We follow the King as he escapes the customary rules of death in his kingdom, as he meets Pan, and eventually his life partner, Kudra. Together they learn from the bandaloop caves (though the bandaloop are not visible) practices that help them keep from aging. Air: Breathing-stress reliever, Water: cold-hot-cold bathing, earth: ate small amounts of food at a time and fasted 5 days a month, Fire: sex
they have to keep moving about, or their neighbors become suspicious of them as they don't show age.
1,0000 year old Alobar says: Live by the heart if you would live forever. (toast) You can count on change. even now, I'm curious about what's going to happen next. make perfume, make it well. breathe properly, stay curious, and eat your beets.
"Louisiana in September was like an obscene phone call from nature. The air - moist, sultry, secretive, and far from fresh - felt as if it were being exhaled into one's face. Sometimes it even sounded like heavy breathing. Honeysuckle, swamp flowers, magnolia, and the mystery smell of the river scented the atmosphere, amplifying the intrusion of organic sleaze. It was aphrodisiac and repressive, soft and violent at the same time. In New Orleans, in the French Quarter, miles from the barking lungs of alligators, the air maintained this quality of breath, although here it acquired a tinge of halitosis, due to fumes expelled by tourist buses, trucks delivering Dixie beer, and, on Decatur Street, a mass-transit motor coach named Desire."
"The minute you land in New Orleans, something wet and dark leaps on you and starts humping you like a swamp dog in heat, and the only way to get that aspect of New Orleans off you is to eat it off. That means beignets and crayfish bisque and jambalaya, it means shrimp remoulade, pecan pie, and red beans with rice, it means elegant pompano au papillote, funky file z'herbes, and raw oysters by the dozen, it means grillades for breakfast, a po'boy with chowchow at bedtime, and tubs of gumbo in between. It is not unusual for a visitor to gain fifteen pounds in a week - yet the alternative is a whole lot worse. If you don't eat day and night, if you don't constantly funnel the indigenous flavors into your bloodstream, then the mystery beast will go right on humping you, and you will feel its sordid presence rubbing against you long after you have left town. In fact, like a sex offender, it can leave permanent psychological scars."
In Seattle, Priscilla is an intelligent waitress looking for the perfect taco. She is also a perfume maker trying to discover the base to the next best perfume.
In New Orleans, Madame and V'lu are perfumers looking for a mysterious bottle.
In Paris, we meet two cousins who also run a successful perfume business, Claude and "Bunny" who has an exceptional sense of smell.
All of the characters are intertwined by perfume and scent. And beets. An unknown person is leaving them beets during the night.
Pros & Cons: For the first 80 pages or so, in typical Robbins style, I had no clue what the book was about. Robbins writes in a way that is captivating and seductive enough that, although I am completely bewildered, I am not bored. I am glad that this was not my first experience with a Robbins book because I may not have fully enjoyed the ride that he sends a reader on. It was thoroughly enjoyable by I liked Still Life with a Woodpecker better.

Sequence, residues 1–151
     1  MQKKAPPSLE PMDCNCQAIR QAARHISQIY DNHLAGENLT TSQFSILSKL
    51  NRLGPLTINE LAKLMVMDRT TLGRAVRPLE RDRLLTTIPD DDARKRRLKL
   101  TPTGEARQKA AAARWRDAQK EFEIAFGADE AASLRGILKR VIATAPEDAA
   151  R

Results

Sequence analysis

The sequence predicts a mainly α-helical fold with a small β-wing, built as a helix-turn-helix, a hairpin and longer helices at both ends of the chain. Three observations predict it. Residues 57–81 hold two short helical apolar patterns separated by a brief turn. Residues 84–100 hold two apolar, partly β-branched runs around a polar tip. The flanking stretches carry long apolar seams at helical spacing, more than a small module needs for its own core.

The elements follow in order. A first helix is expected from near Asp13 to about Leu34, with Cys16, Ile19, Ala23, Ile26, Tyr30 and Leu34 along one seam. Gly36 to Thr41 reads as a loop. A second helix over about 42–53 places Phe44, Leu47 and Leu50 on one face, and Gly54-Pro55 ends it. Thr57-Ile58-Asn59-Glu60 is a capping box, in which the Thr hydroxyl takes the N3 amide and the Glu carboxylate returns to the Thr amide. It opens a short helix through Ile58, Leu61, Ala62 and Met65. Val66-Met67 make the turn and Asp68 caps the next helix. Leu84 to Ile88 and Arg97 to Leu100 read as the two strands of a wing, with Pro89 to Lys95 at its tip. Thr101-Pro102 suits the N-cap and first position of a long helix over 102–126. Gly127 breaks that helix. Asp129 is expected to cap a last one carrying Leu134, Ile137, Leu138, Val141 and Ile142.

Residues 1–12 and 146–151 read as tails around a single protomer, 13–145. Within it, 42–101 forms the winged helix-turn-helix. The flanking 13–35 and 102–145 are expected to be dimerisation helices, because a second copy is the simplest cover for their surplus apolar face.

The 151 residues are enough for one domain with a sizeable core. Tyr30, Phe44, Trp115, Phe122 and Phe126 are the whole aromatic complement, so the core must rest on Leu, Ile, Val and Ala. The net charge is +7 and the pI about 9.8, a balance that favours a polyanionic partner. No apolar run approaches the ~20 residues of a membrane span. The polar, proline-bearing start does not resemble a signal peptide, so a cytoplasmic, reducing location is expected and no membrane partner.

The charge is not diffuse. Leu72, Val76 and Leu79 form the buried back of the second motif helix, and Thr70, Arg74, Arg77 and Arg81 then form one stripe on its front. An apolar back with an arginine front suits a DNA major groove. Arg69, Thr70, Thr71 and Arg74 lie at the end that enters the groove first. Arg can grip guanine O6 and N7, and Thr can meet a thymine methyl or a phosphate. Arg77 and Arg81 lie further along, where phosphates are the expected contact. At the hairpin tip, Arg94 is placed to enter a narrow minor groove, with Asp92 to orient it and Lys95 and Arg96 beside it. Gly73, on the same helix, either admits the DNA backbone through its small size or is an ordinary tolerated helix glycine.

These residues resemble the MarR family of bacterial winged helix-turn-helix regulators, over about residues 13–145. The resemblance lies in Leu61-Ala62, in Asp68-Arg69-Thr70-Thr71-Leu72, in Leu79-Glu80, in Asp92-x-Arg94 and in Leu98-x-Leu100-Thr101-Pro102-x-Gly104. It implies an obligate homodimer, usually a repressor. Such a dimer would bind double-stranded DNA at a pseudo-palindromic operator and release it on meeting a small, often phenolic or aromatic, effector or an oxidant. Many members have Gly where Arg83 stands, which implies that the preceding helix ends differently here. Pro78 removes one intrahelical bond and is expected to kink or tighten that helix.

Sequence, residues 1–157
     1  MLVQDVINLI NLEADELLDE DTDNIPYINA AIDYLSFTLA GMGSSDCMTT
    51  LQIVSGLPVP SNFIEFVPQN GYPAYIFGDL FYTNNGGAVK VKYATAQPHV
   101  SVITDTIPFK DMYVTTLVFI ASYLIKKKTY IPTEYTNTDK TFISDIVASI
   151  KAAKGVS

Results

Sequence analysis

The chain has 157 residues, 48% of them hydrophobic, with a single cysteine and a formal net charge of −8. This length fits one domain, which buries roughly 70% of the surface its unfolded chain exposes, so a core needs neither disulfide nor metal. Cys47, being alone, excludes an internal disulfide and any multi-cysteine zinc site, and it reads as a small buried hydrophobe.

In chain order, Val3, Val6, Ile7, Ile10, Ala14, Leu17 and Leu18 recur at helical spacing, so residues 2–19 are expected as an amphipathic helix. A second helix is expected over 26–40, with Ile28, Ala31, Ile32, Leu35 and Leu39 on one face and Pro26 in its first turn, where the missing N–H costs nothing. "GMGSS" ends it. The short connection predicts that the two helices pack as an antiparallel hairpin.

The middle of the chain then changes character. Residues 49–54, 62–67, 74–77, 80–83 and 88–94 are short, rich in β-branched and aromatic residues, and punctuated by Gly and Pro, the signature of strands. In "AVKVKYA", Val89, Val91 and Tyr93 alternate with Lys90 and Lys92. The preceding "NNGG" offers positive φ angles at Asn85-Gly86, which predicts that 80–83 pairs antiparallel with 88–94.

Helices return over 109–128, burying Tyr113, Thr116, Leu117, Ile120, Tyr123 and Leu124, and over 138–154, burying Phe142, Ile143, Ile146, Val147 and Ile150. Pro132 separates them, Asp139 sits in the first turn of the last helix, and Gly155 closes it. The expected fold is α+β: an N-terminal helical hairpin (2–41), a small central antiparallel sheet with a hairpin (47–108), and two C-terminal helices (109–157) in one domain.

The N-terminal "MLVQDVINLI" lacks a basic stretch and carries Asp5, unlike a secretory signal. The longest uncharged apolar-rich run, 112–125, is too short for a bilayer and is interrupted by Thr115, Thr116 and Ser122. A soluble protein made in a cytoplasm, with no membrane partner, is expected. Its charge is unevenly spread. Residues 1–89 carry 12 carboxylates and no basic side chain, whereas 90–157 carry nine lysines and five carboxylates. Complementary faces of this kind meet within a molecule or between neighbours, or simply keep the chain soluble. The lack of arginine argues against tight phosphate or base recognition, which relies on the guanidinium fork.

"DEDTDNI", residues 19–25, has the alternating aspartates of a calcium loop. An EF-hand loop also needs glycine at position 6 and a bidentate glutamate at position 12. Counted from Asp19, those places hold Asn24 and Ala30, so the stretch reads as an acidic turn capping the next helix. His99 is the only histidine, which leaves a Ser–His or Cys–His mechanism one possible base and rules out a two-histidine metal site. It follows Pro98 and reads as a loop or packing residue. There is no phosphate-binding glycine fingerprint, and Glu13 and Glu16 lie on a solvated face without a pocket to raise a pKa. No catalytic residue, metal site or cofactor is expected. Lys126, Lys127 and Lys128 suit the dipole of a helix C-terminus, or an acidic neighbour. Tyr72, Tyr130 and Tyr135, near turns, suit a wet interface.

I really struggled while reading this book and it took me forever to read it.
I enjoyed the main love story and liked the parts that take place in ancient Bohemia much better than most of the modern era portions.
While I was reading I felt as though I was reading a series of different stories. I felt that the plot disintegrated toward the end as the author seemed to go from writing a speculative fiction novel to a combination of philosophy, science, political, and health/longevity treatise, but not in a particularly interesting or compelling manner, or with enough accuracy either. The very end did bring all the parts together, and I suspected that it would. I think that the author tried to do too much with this novel; it was as though he was working out for himself some of the mysteries of life, but not in a way that entertained or enlightened me. Parts were brilliant but for me the whole was not.
I did find interesting the main theme of avoiding death, of the search for immortality. Immortality, perfume/smell/odor, and beets, yes beets, are the main subject matter of this novel. The god Pan makes an interesting appearance.
However, I found it long and rambling and at times irritating and annoying. It was a strange book. It’s hard for me to evaluate it given what was going on in my life while I was reading it. At another time I might have appreciated it more or been even more peeved by what I consider its flaws.
I do think it can make a good book club selection though, and I did read it for my real world book club; there’s some interesting material for discussion, especially regarding the ramifications of immortality.
Edited a day later: I just downgraded this book a star. Despite moments of brilliance and many interesting parts, at best it was just an ok book for me. I struggled through it and wouldn't have finished it had it not been for my book club. While I liked the author's ambition, I didn't really like the book enough to give it 3 stars. I couldn't even be bothered to write a long, thoughtful review because I didn't want to extend the experience.
I love the musings about life and death, very close to my sentiments. There are so many great quotes from this book I loved it!
I hope all his books are this delightful.